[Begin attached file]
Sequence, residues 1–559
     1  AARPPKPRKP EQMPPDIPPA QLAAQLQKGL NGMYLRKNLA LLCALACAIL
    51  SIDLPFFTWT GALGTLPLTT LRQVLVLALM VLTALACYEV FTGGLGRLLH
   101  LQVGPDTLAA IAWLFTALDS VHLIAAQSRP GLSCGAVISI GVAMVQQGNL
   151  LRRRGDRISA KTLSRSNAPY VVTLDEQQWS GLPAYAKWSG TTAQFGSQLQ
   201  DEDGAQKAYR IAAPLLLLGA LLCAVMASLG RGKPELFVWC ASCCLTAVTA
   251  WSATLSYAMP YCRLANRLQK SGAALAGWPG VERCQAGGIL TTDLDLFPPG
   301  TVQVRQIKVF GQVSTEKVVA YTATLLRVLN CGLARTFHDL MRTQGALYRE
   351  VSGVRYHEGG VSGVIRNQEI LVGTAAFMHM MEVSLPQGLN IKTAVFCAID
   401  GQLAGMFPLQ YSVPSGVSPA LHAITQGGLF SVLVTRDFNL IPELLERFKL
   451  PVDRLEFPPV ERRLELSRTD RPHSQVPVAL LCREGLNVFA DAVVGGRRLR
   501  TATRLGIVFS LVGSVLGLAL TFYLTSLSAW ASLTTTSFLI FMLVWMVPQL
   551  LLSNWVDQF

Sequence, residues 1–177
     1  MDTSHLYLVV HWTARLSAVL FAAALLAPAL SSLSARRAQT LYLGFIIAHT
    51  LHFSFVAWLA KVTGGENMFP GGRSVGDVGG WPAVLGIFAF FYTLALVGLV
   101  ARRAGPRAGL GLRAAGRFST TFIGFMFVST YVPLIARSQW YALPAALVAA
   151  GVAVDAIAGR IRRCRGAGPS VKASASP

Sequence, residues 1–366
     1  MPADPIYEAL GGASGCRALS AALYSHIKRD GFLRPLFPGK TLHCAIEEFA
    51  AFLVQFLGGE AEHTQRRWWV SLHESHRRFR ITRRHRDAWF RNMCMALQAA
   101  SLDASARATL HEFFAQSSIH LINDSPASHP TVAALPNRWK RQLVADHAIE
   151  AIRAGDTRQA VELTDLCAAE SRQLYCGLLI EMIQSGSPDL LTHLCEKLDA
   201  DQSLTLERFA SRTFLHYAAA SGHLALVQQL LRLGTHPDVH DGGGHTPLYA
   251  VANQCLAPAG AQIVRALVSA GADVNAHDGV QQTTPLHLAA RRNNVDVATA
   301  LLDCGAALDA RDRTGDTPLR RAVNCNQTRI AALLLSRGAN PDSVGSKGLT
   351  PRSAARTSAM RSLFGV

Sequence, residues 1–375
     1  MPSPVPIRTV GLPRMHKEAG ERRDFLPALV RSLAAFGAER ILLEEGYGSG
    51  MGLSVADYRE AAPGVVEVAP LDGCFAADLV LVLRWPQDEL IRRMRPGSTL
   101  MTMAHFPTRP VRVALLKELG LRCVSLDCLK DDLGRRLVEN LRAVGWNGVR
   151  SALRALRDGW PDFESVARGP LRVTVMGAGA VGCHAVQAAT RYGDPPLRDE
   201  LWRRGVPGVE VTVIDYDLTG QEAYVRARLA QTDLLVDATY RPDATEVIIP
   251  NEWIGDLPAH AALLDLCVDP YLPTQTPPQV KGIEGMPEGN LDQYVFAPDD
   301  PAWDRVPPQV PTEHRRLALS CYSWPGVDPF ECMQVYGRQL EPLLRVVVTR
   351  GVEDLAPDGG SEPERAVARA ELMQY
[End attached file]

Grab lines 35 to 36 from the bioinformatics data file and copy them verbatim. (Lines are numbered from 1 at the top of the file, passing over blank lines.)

   301  PAWDRVPPQV PTEHRRLALS CYSWPGVDPF ECMQVYGRQL EPLLRVVVTR
   351  GVEDLAPDGG SEPERAVARA ELMQY